We have occasionally looked into Sir James's literary effusions, of which a list is given at the beginning of the Memoirs; comprehending disquisitions on history, morals, religion, &c., in prose and verse. These thc editor has wisely allowed to remain in manuscript. The poetry is wretched, the prose passable as to style, the sentiments commonplace; always excepting his doctrine as to the duty of subjects, to which we do not know well what name to give. As held by others, it has been called passive obedience ; but, as pleaded for and practised by Sir James Turner, it is entitled to the more intelligible name of active obedience ; nor is the reader perplexed with those nice casuistical distinctions between legal and illegal, constitutional and unconstitutional, just and unjust, with which other writers have thought it necessary to guard their doctrine on this head. Murder and assassination become innocent, and even glorious deeds, when sanctioned by the authority of a crowned head. Speaking of General Wallenstein, Duke of Friedland, and his assassination during a feast, by Gordon, Leslie, and Devereux, agents of the Emperor of Germany, Sir James says - This act of theirs was, in my opinion, noble and generous, • though many have bene pleasd to give it the contrarie carac

ter.' And having occasion to speak of the person who murdered the patriotic William, Prince of Orange, he expresses himself in the following terms :- I am farre from reckoning him • among martirs, for all his patience; neither can I call him an • assassin, since he had a public warrand from his soveraigne, the King of Spane, for dispatching that revolted prince.'

Art. III.-1. An Introduction to the Latin Tongue. For the Use of

Youth. A new Edition, carefully revised and improved. Eton, 1829. 2. Grece Grammaticis Rudimenta, in usum Regiæ Schole Etonensis. Editio nova, accuratissime recognita. Etonæ, 1829. 3. Scriptores Romani, in usum Regiæ Scholæ Etonensis. Etonæ, 1829. 4. Scriptores Græci, in usum Regie Schola Etonensis. Editio altera recognita, et cum multis notis evulgata. A. J. W. NiBLOCK, A.B. ex Aula Sancti Edmundi, Oxoniæ. Etonæ, 1821.

recognita et aucta. Etone, 1828. 6. A comparatire Atlas of Ancient and Modern Geography, from original authorities, and upon a new Plan, for the use of Eton School. By A. ARROWSMITH, Hydrographer to his Majesty. London, 1828. 7. Index to the Eton Comparative Atlas of Ancient and Modern Geography. By A. ARROWSMITH, Hydrographer to his Majesty. London, 1828. 8. A List of Eton College, taken at Election. Eton, 1829.

"The judge is condemned when the guilty man is acquitted,'

1 says our motto. This maxim, though some have thought it too severe, may be fairly applied in courts of literature; as these tribunals only judge persons who offer themselves for judgment on their own testimony. In some cases, however, in default of other information, we are compelled to act both as advocate and judge; and, like the Ephors of Sparta, to collect the facts, to make the charge, and decide upon its truth or falsehood. The assumption of this double character, we are aware, imposes a double necessity of attention to the fairness of our proceedings; and it shall be our endeavour to keep this obligation steadily in view, in attempting to lay before our readers an account of the system of education pursued at one of the chief Public Schools of England,-a seminary cqually renowned for its antiquity, its wealth, and the number of its students.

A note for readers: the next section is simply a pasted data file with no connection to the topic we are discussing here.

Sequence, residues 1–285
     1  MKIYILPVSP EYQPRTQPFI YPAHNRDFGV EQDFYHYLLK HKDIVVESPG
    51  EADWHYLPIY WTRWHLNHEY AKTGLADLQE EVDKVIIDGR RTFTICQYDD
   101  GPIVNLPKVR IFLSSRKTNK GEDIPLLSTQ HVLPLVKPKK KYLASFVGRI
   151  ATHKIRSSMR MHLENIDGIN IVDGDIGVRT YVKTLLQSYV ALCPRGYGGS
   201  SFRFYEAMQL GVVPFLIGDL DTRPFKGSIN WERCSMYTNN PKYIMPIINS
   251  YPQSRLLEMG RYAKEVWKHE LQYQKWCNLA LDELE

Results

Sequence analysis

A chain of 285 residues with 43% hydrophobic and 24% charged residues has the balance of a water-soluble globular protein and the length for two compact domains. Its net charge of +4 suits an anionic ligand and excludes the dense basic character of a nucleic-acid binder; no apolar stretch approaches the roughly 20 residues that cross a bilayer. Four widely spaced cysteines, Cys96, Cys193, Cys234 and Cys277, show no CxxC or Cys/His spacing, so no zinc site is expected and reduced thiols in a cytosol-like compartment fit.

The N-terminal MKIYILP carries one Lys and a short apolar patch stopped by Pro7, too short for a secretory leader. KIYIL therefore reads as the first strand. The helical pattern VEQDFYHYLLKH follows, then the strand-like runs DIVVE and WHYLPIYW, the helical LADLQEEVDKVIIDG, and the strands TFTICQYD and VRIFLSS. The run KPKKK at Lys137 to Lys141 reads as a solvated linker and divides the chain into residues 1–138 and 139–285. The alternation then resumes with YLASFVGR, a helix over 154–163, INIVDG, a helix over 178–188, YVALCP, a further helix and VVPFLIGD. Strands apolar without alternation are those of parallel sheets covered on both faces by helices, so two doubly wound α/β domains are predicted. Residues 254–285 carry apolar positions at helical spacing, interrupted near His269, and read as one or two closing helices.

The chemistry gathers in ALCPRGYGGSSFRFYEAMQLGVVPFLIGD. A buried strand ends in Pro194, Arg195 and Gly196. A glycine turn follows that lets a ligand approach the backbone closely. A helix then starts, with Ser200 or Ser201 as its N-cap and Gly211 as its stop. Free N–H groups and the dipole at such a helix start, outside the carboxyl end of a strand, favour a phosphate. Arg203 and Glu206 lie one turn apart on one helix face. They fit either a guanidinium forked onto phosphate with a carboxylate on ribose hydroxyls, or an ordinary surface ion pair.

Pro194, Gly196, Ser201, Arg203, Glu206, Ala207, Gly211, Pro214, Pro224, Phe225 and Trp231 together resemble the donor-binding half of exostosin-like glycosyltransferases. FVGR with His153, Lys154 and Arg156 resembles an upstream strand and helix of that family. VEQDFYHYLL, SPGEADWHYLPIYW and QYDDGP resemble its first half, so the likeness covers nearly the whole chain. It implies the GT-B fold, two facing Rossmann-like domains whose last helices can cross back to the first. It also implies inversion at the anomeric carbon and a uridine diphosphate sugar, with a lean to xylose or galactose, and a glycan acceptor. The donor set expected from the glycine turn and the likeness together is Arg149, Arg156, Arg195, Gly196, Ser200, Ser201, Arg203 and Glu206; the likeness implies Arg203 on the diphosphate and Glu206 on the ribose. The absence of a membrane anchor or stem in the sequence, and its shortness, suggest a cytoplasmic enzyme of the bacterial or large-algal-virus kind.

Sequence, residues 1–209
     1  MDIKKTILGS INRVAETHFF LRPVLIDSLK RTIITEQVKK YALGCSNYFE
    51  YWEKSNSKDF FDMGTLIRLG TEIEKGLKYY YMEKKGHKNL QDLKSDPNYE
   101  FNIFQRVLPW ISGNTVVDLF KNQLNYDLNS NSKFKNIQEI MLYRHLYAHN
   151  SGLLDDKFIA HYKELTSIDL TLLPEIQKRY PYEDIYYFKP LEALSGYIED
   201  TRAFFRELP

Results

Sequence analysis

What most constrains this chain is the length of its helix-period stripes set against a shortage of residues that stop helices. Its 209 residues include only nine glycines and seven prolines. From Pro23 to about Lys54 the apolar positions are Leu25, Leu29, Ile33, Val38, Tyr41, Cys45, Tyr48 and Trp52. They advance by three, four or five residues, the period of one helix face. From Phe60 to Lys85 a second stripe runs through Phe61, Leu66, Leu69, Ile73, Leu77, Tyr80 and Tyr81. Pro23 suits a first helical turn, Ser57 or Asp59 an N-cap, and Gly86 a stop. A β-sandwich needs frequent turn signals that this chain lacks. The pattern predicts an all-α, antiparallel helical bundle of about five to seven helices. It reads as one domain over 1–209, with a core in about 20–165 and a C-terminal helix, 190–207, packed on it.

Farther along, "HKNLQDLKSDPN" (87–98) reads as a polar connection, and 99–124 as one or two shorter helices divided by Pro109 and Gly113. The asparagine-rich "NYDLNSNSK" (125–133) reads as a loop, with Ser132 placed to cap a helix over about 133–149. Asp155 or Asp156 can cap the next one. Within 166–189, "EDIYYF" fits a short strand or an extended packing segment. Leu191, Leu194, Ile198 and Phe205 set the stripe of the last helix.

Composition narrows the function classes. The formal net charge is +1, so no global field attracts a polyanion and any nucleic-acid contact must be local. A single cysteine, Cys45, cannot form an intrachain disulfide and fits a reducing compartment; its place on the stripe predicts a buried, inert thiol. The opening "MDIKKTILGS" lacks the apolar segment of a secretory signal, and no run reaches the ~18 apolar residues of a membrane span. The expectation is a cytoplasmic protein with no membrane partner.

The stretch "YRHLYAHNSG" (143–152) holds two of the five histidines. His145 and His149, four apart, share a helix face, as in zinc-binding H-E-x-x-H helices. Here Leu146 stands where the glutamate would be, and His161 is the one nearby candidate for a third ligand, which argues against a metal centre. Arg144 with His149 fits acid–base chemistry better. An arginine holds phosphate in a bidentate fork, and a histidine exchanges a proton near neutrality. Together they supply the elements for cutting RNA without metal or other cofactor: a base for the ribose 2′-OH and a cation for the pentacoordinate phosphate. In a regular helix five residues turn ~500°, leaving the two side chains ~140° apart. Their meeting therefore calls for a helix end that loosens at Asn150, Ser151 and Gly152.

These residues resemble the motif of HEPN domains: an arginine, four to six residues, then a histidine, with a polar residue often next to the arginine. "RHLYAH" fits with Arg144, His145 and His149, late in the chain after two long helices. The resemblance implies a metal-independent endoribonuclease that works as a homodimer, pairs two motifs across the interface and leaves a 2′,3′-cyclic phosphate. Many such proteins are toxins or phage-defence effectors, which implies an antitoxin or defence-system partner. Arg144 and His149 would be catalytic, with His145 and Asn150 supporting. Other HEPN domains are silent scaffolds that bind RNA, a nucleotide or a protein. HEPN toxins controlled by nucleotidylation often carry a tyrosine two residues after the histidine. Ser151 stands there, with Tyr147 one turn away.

We shall not at present enter upon the early history of the College of Eton, or examine its statutes and charters.* Our

* For which see Appendix (A) to the Fourth Report from the Select Committee on the Education of the Lower Orders, 1818. Besides the Universities of Oxford and Cambridge, and their several Colleges, tlie three Colleges of Eton, Winchester, and Westminster, are alone excepted from the Mortmain Act.


only object is to give a faithful picture of that ancient establishment as it actually exists ;-to describe the mode of education, and the system of moral and religious discipline there adopted, so as to enable our readers to form an opinion on the amount of intellectual and moral improvement to be expected from a residence in it.

The College of Eton is formed of the Provost and Fellows, who do not directly interfere in the government of the school, but have the privilege of nominating the upper and lower Masters, who have respectively the management of the upper and lower Schools. Besides these masters, there were in 1829 ten assistant masters, eight in the upper and two in the lower school. These two divisions are not, however, of equal size : thus, in the summer of last year, the former contained 556, the latter only 56 boys. The upper school is divided into four classes, or forms; viz. the 6th and 5th forms, the remove, and the 4th form. Besides this division of schools, there is also a division of orders. Seventy King's scholars, or (as they are usually termed) Collegers, are maintained gratuitously on the foundation; they sleep in three large rooms forming part of the college. The Collegers wear a dress to distinguish them from the other and more numerous portion of the boys, who are called Oppidans. These either live in Dame's houses, or in the houses of their Tutors, whom the parents or guardians are allowed to select at pleasure, and are not forced (as at Oxford and Cambridge) to take the person appointed by the head of the college. This difference of habitation naturally, in some measure, estranges these two orders, and unfortunately a considerable enmity prevails between them. King's College at Cambridge was founded in connexion with Eton, that it might receive as fellows the students on the foundation of the latter institution. As vacancies occur at King's College, those of the King's scholars at Eton who are first in the school, are nominated to the vacant fellowships. This choice is determined not by merit, but by seniority; and as seniority is obtained by long residence at Eton, and as a long residence there is sometimes a great obstacle to the acquirement of knowledge, * the lot often misses the most deserving candidates. But the mischief does not end here; for the undergraduates at King's College being supposed to arrive at Cambridge with uncommon attainments, are not required to pass the University examination, which, in all other cases, is a

* We believe that it is generally remarked at Eton, that the boys at the top of the forms are less well-instructed than those at the bottom.